Not every company is struggling in this downturn.
Despite a cooling market, corporate spend management startup Ramp reports that it has more than doubled its revenue run rate since the start of the year.
The feat would be impressive in normal times, but is particularly so when tech companies — big and small — are laying off, freezing hiring and/or reporting slowing growth. But it’s even more notable for a startup — in an increasingly competitive space — to more than double revenue in a matter of months amid worsening market conditions.
Ramp confirmed in March that it had secured $550 million in debt and $200 million in equity in a new financing that doubled its valuation to $8.1 billion.
Now, the company is not just seeing more SMB customers — a logical assumption considering that Ramp’s biggest competitor Brex recently announced it would largely stop serving businesses in that category. According to CEO and co-founder Eric Glyman, it’s seeing increases across all stages of company maturity.
In June in particular, he said that Ramp closed overall 38% more business — anticipated revenue from new customer sign-ups — than it did in May. Interestingly, the company saw the most growth in its enterprise segment — with more than a 300% surge in customers there. It also saw a more than 50% increase in mid-market customers, and about a 22% bump in SMB clients. June’s growth figure is more than double, or about 221% higher than, December 2021’s figures, the company said. While Glyman did not reveal hard revenue figures, he did point out that the company had crossed $100 million in annualized revenue before its third birthday in March. This is, he added, while keeping more than 80% of its equity capital raised on the balance sheet.
Recall that Ramp makes its revenue off of interchange fees. For every transaction it powers, Ramp receives a portion of the spend as top line. Annualized revenue is the interchange earned in the most recent monthly period, annualized. Let’s also recall that rival Brex — which started out offering credit cards to startups — declared earlier this year that it was making “a big push” both into software and enterprise.
“We believe that Ramp’s ability to help its customers spend 3.5% less is uniquely appealing and valuable to businesses in this macroeconomic climate,” Glyman said.
“Our biggest hope is to go to work for more companies that are looking to cut costs, become efficient and do it in ways that improve the quality of the business, while preserving the ability to make investments and support people and staff,” he told Nob6 in an interview.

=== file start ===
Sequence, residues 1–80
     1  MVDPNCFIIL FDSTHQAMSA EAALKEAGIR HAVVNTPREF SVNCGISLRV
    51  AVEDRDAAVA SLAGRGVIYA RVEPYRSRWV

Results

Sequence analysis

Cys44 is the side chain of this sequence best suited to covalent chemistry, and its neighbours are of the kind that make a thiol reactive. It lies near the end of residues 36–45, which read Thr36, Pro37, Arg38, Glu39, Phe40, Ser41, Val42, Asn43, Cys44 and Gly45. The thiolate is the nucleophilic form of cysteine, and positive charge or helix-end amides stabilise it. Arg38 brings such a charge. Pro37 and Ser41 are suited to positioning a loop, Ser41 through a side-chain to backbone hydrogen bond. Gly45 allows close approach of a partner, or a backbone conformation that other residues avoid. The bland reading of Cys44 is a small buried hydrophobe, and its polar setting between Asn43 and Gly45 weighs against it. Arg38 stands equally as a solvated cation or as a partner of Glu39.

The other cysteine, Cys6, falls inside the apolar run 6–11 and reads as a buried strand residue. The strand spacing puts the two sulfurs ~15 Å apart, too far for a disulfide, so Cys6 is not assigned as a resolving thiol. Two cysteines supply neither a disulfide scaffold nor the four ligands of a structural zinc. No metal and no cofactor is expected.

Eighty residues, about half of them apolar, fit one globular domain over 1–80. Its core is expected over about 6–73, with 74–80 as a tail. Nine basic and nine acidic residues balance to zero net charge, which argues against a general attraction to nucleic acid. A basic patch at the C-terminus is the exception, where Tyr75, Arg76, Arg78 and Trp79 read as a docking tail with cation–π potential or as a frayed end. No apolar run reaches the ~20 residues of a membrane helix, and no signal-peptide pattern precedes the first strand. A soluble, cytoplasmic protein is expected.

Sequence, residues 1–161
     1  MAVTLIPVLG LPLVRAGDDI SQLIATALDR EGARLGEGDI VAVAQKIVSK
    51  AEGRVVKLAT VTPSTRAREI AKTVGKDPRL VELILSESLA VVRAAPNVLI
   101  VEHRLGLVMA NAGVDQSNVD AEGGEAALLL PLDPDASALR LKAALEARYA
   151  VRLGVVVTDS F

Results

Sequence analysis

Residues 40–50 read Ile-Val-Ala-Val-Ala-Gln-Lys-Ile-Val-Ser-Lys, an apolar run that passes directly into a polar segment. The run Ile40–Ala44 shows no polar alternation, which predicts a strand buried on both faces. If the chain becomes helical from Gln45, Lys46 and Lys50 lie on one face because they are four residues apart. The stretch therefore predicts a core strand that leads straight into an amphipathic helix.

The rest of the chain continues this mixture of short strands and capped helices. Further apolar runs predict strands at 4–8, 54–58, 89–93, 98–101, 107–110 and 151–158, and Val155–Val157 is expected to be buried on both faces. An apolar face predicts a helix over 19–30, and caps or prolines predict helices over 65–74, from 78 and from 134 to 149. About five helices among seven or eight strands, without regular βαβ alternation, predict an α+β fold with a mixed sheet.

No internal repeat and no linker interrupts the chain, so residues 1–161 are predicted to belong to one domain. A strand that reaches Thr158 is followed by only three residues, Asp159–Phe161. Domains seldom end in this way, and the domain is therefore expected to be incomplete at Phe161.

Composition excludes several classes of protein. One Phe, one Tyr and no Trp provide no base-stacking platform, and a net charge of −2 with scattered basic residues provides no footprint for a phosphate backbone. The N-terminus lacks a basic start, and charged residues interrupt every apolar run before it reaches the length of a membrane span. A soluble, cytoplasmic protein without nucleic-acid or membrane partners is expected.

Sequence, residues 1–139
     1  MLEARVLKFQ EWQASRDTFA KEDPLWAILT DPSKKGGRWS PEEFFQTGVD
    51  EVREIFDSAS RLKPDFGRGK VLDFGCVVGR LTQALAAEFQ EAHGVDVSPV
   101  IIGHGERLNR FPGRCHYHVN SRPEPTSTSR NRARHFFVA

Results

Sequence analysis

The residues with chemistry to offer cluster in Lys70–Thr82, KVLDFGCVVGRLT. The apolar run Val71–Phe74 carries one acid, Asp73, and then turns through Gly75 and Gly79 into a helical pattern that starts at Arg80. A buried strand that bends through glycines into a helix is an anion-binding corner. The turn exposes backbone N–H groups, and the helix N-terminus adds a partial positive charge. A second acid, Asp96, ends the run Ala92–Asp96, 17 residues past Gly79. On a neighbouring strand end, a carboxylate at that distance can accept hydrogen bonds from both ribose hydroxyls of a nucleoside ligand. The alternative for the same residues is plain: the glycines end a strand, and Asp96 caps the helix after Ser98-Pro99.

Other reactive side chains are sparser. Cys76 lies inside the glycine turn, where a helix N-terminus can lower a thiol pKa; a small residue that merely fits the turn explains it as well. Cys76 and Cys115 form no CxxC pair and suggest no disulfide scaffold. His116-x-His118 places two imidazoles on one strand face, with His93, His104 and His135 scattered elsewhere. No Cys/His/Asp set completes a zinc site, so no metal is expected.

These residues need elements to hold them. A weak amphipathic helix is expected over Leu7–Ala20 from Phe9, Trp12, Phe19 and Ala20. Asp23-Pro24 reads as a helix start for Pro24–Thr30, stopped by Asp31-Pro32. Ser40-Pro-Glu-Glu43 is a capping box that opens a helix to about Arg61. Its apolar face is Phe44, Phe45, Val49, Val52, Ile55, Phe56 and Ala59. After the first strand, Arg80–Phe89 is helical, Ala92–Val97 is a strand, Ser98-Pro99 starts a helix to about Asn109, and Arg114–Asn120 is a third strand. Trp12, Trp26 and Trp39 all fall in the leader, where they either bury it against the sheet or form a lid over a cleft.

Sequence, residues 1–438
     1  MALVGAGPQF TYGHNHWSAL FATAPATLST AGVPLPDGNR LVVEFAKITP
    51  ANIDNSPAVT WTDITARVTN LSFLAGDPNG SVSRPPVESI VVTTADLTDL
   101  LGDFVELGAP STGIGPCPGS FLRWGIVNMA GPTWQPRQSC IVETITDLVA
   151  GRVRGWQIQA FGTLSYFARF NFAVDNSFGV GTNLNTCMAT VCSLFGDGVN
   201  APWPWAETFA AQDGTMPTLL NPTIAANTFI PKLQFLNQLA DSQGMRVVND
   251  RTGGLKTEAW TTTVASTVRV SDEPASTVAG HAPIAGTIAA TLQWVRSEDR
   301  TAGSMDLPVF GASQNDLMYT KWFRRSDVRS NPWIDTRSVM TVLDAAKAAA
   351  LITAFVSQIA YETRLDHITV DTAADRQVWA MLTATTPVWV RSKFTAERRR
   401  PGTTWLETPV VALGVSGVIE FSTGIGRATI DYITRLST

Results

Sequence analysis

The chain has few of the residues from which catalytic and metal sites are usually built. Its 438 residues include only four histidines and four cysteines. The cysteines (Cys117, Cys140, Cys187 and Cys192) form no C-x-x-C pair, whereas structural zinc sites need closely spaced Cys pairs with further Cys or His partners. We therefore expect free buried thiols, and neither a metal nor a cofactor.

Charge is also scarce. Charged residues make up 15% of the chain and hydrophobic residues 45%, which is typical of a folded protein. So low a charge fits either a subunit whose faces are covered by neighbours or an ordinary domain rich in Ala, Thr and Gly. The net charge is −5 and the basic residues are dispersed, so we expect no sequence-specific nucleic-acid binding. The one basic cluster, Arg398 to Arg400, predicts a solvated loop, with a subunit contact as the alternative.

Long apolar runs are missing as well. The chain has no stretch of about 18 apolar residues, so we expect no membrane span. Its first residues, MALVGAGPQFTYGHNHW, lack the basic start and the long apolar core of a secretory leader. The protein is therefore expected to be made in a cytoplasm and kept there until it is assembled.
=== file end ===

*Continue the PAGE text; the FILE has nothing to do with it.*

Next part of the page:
Last week, another player in the space, Airbase, said it had secured $150 million in a debt financing led by Goldman Sachs. It’s interesting that while that company has historically generated most of its revenue from software, it is now enhancing its card offering.
CEO and founder Thejo Kote told Nob6 that generating SaaS revenue for the company remains its priority. But, he said, as the company has served midmarket and early-enterprise companies over the years, it has offered them a pre-funded card that they could use to make purchases. In recent months, though, Airbase has come to realize that many could benefit from the ability to make purchases with “30 days of float,” the executive said.
“We started this process of offering a charge card model because as we continue to grow and scale revenue and grow our customer base more aggressively, we found that there are definitely customers out there who can’t afford to give up on the 30-day float that a card provides them either because for cash flow reasons or because of philosophical reasons,” Kote said.
Meanwhile, while Ramp does provide software, interchange remains its biggest revenue driver. And going forward, the 350-person company plans to operate with the same strategies that have propelled it to this point.
“We’ve been conservative with our use of funds and aimed to be operationally efficient,” Glyman said. “We’ve been able to be very lean and effective, and we’ve been able to keep meaningfully more than than 80% of the capital we’ve ever raised. When we look at the size of folks that are in the same industry category, generally they have multiples more employees for either similar or meaningfully less revenue scale.”
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